The researchers also concludes that the public discourse is completely dominated by rational, economic language and that "we need a public discourse that does not crowd out personal commitments but fosters them, makes them part of public life, and in doing so multiplies them. This will not be easy, and research into the languages used by committed actors in green citizen initiatives will be helpful to get a better insight into the words and languages that foster connectedness and commitment and unlock eudemonic values.
Hear, hear!

Riyan J.G. van den Born, B. Arts, J. Admiraal, A. Beringer, P. Knights, E. Molinario, K. Polajnar Horvat, C. Porras-Gomez, A. Smrekar, N. Soethe, J.L. Vivero-Pol, W. Ganzevoort, M. Bonaiuto, L. Knippenberg & W.T. De Groot (2018) The missing pillar: Eudemonic values in the justification of nature conservation, Journal of Environmental Planning and Management, 61:5-6, 841-856, DOI: 10.1080/09640568.2017.1342612

Sunday, April 15, 2018

How cleanliness and efficiency obscure our relation to nature

Instead of retreating into urban eco-sanctuaries and buying industrial fare in hygienic and eco-friendly packaging, people need to grow, tend to animals, muck, dig, cook and bake. Only then can we expect people to become ecologically literate and realise that we are part of nature. 

After the discovery of ”germs” and their role in disease, humans initiated a war on bacteria for two centuries. It is just the last decades that we start to realize that we are totally dependent on them. There are so many of them inside our body and on our skin that one could almost claim that we are an agglomeration of germs. While we still know that there are the bad ones we should avoid we are also aware of that some dirt is beneficial. Somethings similar need to happen with efficiency.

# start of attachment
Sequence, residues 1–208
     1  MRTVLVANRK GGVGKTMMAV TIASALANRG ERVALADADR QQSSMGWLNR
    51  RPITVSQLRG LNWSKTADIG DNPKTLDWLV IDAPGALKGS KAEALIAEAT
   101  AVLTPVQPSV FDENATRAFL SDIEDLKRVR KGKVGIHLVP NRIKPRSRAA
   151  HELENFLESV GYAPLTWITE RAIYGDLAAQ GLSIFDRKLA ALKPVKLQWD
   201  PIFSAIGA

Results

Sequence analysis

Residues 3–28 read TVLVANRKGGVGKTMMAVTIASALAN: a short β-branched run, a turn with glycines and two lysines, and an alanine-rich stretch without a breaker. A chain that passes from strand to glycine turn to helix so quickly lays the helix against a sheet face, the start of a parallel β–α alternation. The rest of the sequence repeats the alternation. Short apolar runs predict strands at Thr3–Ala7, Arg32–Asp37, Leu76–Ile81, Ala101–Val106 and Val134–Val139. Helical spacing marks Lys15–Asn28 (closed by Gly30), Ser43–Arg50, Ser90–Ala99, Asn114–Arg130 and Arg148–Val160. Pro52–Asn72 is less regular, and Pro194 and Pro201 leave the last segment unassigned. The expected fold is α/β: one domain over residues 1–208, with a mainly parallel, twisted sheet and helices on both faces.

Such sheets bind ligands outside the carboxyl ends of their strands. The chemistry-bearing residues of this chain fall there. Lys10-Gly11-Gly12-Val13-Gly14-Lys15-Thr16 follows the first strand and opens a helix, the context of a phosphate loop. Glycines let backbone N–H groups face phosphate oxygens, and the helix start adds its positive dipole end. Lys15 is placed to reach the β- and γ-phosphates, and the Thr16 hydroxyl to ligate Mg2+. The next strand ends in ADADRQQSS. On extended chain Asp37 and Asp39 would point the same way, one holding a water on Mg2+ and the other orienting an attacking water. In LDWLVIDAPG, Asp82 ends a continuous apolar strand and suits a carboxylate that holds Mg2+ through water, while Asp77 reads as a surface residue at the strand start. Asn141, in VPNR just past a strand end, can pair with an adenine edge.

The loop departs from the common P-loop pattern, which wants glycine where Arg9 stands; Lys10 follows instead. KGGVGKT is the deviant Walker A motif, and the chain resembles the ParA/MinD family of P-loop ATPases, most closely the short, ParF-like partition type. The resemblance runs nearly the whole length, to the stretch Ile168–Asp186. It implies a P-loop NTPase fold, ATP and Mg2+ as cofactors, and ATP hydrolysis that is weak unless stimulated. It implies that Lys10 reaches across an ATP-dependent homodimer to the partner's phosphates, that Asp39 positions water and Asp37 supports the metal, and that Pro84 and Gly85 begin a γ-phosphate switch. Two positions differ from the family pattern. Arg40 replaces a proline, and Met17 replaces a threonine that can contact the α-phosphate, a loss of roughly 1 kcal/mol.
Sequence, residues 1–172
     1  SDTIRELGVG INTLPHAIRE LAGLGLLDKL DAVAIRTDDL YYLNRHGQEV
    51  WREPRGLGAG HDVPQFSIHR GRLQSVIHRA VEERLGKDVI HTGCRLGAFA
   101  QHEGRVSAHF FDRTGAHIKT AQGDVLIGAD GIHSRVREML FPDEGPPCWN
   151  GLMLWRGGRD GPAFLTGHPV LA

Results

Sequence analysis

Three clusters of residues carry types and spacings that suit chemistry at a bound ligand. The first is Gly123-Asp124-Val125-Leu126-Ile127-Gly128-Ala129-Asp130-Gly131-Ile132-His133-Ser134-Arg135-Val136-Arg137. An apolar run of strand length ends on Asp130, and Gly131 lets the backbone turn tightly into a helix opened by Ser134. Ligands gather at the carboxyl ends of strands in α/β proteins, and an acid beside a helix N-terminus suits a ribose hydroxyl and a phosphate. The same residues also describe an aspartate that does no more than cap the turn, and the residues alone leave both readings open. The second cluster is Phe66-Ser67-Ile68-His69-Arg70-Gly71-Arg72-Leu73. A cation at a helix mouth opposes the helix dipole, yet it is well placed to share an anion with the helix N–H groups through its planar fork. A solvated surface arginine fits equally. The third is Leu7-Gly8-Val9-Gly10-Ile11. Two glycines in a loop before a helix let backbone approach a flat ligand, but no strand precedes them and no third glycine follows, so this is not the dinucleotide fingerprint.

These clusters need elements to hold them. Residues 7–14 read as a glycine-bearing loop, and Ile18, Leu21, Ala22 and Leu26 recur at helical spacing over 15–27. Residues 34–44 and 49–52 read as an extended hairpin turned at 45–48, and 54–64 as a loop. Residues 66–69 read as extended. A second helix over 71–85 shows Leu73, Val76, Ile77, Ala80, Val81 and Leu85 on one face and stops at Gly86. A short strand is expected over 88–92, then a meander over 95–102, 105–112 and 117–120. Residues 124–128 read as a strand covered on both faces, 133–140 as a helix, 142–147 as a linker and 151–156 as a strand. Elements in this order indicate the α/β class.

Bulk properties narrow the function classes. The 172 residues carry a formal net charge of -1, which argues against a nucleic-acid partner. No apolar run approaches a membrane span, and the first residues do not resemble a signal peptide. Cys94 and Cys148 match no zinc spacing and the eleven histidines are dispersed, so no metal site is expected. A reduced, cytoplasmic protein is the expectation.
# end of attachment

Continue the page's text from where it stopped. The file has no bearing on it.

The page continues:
The realization that there are fairly hard physical limits to our civilization, sometimes called Planetary Boundaries, has made efficient the buzzword of the day. Of course this is hardly nothing new, scarcity was the rule for most of human existence and efficient use of resources was part of the daily struggle. When fossil fuels were systematically put into our service followed a period of assumed limitless growth and limitless waste.

For a long period, efficiency was defined mainly in relation to the use of labour and the silver bullet of enterprise was to substitute nature resources with labour. Which meant more use of energy, more use of minerals, water, rocks and sand; more everything – but labour.  

Now, there are growing insights that nature resources are not as abundant and limitless as we believed and that there are also limits in the receiving end. We can’t just pump our waste into the natural pools be it the oceans or the atmosphere. It is therefore quite natural, and good, that we look for more efficient ways of using resources. But in my view the solutions are often misguided.

Production of algae
Farming is perhaps the best examples of this. Nowadays we are told that we should grow plants or fish indoor with artificial light to save water and land. And the most used argument in favour of a vegan lifestyle is that there I less need for land to grow plants than to grow animals. Lab meats are said to solve our craving for meat in a better way. Efficient use of land is also a major argument for the use of chemical fertilizers, pesticides and GMOs.